NYT’s Brooks Gets Things Hopelessly Wrong…Again

I’m late to this, but I’ve been busy. It’s bad enough to address anyway.

Why are Very Respected Opinion pieces allowed, if the opinions aren’t vetted for rigor? From Mr. Brook’s NYT Op-Ed Prune and Grow I posit a question. Does Mr. Brooks even think about what he writes on paper, for salary?

This quote is one of the most ignorant things I have ever read:

…Furthermore, they understand something that is hard to quantify: Deficit spending in the middle of a debt crisis has different psychological effects than deficit spending at other times.

In times like these, deficit spending to pump up the economy doesn’t make consumers feel more confident; it makes them feel more insecure because they see a political system out of control. Deficit spending doesn’t induce small businesspeople to hire and expand. It scares them because they conclude the growth isn’t real and they know big tax increases are on the horizon.

This is categorically crazy stuff, but that’s because Brooks took almost his entire piece from Roberto Alesina’s April 2010 paper Fiscal Adjustments: Lessons from Recent History, from Harvard, so it must be right! I think Brooks misappropriates a lot from the article.

Alesina makes a lot of the 1980’s and 90’s fiscal consolidations and studies showing how such consolidations have resulted in growth in European countries. However, the recession of the 80s, and the much smaller ones in the 90s, were caused by inflation, not deflation. The studies take place from two different causes of recession and shouldn’t be compared. It makes sense that in European inflationary recessions, cutting spending of entitlements and government wages would be the most effective way to stimulative growth because it shows the government is responding to inflationary pressures, since these studies were only done in Europe, where countries  have larger percentages of government workers and higher entitlement spending. Implementing such measures in the US would likely not be as effective, even in inflationary recessions – but we’re not in one of those.

So, the study isn’t performed over any deflationary period, studies only European countries, and offers fiscal tightening that was only effective for European socialist states in the 80s and 90s, none of which is pertinent to the American situation today, but what else does it get wrong? Oh yes, that fiscal consolidation is not politically damaging.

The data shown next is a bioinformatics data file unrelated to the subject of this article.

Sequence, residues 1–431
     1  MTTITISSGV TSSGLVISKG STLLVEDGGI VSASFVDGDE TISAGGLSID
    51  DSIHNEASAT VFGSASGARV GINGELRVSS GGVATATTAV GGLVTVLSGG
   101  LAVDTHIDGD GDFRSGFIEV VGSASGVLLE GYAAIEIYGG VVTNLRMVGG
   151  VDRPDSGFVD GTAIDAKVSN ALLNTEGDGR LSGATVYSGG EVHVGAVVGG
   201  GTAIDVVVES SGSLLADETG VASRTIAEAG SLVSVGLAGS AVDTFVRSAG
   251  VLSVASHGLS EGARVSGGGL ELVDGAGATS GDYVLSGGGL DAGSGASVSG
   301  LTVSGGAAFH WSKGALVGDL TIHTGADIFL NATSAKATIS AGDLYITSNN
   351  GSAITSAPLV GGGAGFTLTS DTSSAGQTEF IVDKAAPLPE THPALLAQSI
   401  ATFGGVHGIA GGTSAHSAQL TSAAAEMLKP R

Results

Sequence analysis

I’ll let Brooks speak for himself, it’s a repeat from the dandy up top:

It scares them because they conclude the growth isn’t real and they know big tax increases are on the horizon. It doesn’t make political leaders feel better either. Lacking faith that they can wisely cut the debt in some magically virtuous future, they see their nations careening to fiscal ruin.

There’s no relationship between spending levels and reelection. Yes Reagan got reelected in a landslide and he managed to cut non-military discretionary spending, but he raised military spending (so total fiscal contraction were less than this chart demonstrates), but how is Reagan the only model ever for conservatives? Nixon you’ll see was easily reelected with high increases in non-defense discretionary spending. And again, no president below was reelected during a deflationary recession. Only two presidents have dealt with it, FDR and Obama, and only one party has been voted out of office (both times) by not proposing enough government deficit spending during deflationary recessions, the Republicans. This tells me that consumers don’t get scared when the government spends in deficit during recessions, as there’s no electoral relationship to support it. So, I really have no idea what the fuck Brooks is talking about.

And more: Seems that the confidence of British investors has dropped to a fifteen year low after the British government enacted deep spending cuts. BBC – superior to almost all American reporting.

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